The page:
Come and tour a site of national significance.
Historic Joy Kogawa House is one of the few remaining properties in Vancouver that has been traced back to ownership by a Japanese Canadian family, confiscated by the Canadian government and sold without the owner’s permission. It is also a site of many memories for Joy Kogawa and her family.
We run tours of Historic Joy Kogawa House year-round for elementary school groups, secondary school groups and the general public. A Historic Joy Kogawa House field trip supports Grade 5 or Grade 11 BC Social Studies curricula and can be adapted to meet other learning requirements and levels.
All tours include:
- history and information about the house
- an interactive video about the Kogawa family, their life at the house, their evacuation to Slocan, and subsequent years
- tour of the house with references to relevant parts of Joy Kogawa’s works
- viewing of photos and artefacts.
School tours may also include a postcard writing activity, a visit to Joy Kogawa’s cherry tree, and a walking tour of the Marpole neighbourhood and locations of former homes and businesses expropriated from Japanese Canadian families during the Second World War.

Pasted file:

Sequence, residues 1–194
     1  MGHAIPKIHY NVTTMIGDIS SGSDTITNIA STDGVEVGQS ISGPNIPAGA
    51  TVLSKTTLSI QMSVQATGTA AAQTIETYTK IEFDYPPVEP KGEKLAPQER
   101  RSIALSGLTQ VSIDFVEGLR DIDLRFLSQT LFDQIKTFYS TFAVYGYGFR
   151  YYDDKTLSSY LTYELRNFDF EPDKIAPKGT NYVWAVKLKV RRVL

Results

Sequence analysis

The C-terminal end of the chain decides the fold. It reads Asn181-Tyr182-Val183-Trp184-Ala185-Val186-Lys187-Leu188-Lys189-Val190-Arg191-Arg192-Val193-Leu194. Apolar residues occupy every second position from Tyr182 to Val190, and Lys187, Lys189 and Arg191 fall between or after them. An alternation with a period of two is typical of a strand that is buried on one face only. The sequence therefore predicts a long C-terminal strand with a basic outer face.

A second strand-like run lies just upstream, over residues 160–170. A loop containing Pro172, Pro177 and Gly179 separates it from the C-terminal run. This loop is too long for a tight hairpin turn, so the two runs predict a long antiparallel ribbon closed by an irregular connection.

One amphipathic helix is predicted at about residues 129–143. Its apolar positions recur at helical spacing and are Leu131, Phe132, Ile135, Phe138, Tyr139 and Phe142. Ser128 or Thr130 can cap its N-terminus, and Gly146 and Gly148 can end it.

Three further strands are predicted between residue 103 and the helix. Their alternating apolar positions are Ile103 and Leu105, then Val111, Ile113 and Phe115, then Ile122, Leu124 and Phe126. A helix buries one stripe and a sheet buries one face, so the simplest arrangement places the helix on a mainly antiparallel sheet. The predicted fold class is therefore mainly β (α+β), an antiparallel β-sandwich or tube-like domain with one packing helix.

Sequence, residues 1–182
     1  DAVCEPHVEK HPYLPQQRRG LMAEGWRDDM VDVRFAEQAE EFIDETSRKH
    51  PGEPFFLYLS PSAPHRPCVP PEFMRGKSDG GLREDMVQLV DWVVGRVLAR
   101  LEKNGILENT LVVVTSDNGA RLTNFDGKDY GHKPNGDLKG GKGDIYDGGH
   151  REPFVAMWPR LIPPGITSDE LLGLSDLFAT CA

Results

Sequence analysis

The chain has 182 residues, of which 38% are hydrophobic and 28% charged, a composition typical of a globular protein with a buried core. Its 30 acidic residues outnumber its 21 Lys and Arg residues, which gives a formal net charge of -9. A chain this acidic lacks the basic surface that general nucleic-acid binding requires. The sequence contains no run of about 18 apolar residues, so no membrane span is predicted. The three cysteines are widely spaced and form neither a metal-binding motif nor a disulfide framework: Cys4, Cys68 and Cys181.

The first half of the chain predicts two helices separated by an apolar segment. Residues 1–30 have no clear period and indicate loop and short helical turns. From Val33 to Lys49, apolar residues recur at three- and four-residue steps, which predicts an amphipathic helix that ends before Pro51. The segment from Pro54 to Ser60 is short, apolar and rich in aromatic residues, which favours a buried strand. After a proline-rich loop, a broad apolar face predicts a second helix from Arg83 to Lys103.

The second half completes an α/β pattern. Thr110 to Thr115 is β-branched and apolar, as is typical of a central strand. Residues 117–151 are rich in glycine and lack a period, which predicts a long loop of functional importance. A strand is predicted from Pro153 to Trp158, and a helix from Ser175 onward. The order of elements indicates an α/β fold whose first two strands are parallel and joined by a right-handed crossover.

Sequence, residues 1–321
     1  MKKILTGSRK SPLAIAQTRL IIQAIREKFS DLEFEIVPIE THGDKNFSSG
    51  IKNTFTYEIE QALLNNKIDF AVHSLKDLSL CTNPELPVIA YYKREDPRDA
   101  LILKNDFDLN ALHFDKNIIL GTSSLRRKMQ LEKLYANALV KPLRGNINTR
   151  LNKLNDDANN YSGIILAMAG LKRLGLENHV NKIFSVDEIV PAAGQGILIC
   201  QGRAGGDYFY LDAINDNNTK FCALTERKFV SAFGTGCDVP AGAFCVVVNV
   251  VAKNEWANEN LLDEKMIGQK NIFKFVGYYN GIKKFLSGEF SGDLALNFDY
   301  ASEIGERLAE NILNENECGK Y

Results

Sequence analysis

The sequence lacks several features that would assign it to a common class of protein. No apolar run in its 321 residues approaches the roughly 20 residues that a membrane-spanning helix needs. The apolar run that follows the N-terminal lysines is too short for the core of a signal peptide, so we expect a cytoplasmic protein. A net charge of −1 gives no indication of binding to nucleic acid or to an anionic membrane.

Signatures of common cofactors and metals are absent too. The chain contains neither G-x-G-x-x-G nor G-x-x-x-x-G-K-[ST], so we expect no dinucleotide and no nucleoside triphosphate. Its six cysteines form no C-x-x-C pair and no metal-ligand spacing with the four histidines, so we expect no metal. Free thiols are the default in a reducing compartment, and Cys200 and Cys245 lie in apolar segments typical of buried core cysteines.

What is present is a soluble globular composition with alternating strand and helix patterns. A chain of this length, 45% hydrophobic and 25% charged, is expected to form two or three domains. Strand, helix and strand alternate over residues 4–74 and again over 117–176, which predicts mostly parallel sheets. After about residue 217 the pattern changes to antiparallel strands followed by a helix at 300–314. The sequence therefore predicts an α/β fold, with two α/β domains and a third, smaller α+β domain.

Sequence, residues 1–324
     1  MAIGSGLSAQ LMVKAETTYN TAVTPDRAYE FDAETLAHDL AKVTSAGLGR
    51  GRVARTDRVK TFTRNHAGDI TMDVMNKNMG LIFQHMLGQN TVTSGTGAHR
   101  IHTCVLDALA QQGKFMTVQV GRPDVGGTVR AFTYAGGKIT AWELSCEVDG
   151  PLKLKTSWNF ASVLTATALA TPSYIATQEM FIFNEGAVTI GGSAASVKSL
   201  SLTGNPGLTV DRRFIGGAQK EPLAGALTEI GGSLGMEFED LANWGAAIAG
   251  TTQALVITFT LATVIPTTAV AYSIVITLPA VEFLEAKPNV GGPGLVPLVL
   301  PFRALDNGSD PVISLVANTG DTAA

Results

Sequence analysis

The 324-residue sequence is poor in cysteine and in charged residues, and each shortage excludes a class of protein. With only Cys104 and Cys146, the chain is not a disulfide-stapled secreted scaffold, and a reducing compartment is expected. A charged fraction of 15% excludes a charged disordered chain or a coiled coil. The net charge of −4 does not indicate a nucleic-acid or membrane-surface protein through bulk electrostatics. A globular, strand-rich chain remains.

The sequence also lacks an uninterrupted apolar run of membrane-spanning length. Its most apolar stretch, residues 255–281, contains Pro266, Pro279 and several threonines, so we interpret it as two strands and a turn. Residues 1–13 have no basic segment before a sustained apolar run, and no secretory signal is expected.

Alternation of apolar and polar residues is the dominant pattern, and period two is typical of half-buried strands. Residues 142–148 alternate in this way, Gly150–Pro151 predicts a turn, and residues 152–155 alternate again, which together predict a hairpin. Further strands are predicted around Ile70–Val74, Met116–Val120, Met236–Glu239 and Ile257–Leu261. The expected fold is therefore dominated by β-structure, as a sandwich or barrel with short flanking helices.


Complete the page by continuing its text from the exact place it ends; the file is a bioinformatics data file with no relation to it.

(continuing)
Proceeds from tours help to fund our residencies program.
Meet your tour leaders
Most tours are led by two board members of Historic Joy Kogawa House Society.
Joan Shigeko Young
Chair, Education Committee & Board MemberJoan has been a Historic Joy Kogawa House Society board member since our inception in 2006. A retired elementary school teacher, she spent most of her career teaching in Richmond, BC. Joan’s involvement with the house stemmed from her own experience teaching Joy Kogawa’s books to her Grade 3 and 4 students, as well as her mother’s experience of living in an internment camp during the Second World War.
Education Committee MemberCyndy lived in the house as a caretaker in 2008 and is also a former board member. As a member of our Education Committee, she has helped to develop our tours. Cyndy is an English as a Second Language instructor at Douglas College and enjoys extending her love of education to leading tours of the house for groups of all ages.
Board MemberMelody is a freelance Japanese-English translator/interpreter with an Honours Degree in Asian Languages and Culture (Japan) from University of British Columbia. Her interests include Japanese pop culture and Japanese Canadian history. Her passion for the stories of Japanese Canadians is strongly tied to her experience of reading Joy Kogawa’s novel Obasan in high school. She is eager to welcome and introduce fellow curious minds to the house.